Certainly there are a lot of tragic things that occur within the autism community, none of which is related to actually being on the spectrum. There are plenty of systems issues that need to be restructured to create safe schools, effective law enforcement, and availability to support. These are crucial to prevent tragic outcomes like sixteen-year-old Kennedy LeRoy’s suicide due to relentless bullying or unarmed Charles Kinsey being shot by police while protecting Arnaldo Eliud Rios Soto, a young man with autism who had wandered from his group home.
We still live in a world where children with special needs are physically assaulted by those responsible for their care, such as the case for a nine-year-old student of Tobinworld II who was beaten by Kamaljot Kaur. Regretfully, even celebrity Tony Braxton who recently announced that her autistic son is now “off the spectrum” considered autism as God’s punishment to her.
Hate like this certainly must make it difficult for persons with autism to find happiness. In fact, many parents might be worried about simply keeping their child safe from a dehumanizing and dangerous world, where living a happy life comes second to managing these systems.
But, put simply, persons with autism deserve to live happy lives.
Happiness is Contagious
Happiness must be a goal within treatment and within our global discussions about autism. The wonderful thing about happiness is that it is contagious, a research finding of Christakis and Fowler of UCSD. Happiness is a collective phenomenon, where “people’s happiness depends on the happiness of others with whom they are connected.”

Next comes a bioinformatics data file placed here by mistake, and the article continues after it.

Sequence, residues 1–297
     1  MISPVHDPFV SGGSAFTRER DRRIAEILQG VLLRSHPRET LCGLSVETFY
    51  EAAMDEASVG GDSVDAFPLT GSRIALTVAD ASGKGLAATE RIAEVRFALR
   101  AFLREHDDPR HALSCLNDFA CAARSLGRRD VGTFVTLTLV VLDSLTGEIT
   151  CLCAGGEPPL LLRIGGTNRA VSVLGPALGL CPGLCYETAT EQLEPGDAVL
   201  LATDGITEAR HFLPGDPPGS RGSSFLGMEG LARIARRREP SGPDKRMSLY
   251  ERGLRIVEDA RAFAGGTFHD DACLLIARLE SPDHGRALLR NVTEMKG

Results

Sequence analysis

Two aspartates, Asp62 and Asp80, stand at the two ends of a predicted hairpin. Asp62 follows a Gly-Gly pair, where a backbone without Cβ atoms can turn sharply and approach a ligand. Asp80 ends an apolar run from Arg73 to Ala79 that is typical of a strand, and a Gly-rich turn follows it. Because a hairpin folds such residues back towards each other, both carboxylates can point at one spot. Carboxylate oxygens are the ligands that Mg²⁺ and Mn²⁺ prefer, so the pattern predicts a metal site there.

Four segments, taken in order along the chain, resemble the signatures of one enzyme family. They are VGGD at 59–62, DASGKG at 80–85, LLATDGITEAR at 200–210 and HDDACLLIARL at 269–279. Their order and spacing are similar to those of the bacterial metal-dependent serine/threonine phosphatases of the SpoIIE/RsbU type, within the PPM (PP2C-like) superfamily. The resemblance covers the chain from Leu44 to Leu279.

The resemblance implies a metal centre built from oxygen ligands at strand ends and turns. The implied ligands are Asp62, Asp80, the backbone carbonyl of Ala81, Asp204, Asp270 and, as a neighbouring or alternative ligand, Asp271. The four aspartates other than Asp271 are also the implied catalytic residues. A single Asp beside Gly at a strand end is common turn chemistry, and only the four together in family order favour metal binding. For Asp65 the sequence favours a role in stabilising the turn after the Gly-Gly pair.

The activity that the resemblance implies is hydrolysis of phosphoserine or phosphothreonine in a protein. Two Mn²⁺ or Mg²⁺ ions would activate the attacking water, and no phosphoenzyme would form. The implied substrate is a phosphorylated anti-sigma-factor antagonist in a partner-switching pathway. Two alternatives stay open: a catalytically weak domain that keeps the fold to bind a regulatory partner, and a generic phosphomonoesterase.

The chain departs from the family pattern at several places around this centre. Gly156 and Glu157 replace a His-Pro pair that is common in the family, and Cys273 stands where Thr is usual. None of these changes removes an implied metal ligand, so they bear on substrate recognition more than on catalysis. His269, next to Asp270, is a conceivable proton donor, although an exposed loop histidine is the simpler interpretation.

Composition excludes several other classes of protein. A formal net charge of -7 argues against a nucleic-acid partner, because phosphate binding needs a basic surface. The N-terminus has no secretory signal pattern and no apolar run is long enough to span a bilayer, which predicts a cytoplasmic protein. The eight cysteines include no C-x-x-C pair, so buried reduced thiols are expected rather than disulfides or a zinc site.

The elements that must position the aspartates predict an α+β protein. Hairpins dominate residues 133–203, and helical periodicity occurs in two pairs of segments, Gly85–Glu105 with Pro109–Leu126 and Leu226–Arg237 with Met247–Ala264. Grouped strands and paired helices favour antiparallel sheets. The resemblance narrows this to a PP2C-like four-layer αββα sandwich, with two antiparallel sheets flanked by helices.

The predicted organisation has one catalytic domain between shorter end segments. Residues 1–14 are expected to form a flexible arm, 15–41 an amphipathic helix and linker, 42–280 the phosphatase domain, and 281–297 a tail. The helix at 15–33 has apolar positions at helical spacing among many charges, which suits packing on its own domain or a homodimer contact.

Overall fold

When you think about it, the idea that happiness is contagious is at the core of Relationship Development Intervention (RDI™), a treatment model that uses the experiences between two people to find the joy, contentment, and positive well-being so that our children will know that their life is meaningful and worthwhile.
Within the RDI™ community, we know that happiness is created in small moments between two people in what we call guiding engagement. As happiness researcher Vaillant explains “Joy is all about our connection to others.” Within our guiding engagement, we may have more specific focuses, but the overall outcome is enjoying life and living from a place of purpose.
An RDI™ Guide to Happiness
In The How of Happiness, Lyubomirsky notes six practices that create happiness. In his guide to happiness, it is easy to see how RDI™ is absolutely a road towards greater happiness.
1) Investing in Relationships
Within the RDI™ model, the power and potential of the human relationship is at the forefront. In fact, this is one of the theoretical underpinnings that makes this model unique. RDI™ positions the parent-child relationship as a necessary and critical relationship. Parents who use RDI™ develop their ability to create moments where their child learns to invest in relationships too.
2) Managing Stress & Hardships
Our first goal within the RDI™ program is to support each parent in reducing the external and internal parts of parenting that are problematic. Many parents find that they are exhausted or depleted from all their children’s appointments. Parents might have temporarily lost their trust in humanity after so many tangles with their school district or they might simply feel isolated and alone, taking little time for self-care. Although these are very normal experiences, learning newer ways to manage stressors is always important. An RDI™ clinician doesn’t focus on canned clinical advice like “go get a massage” or “don’t worry so much”, but helps parents uncover and discover ways to respond to their own stressors and to physically and emotionally nurture their whole family.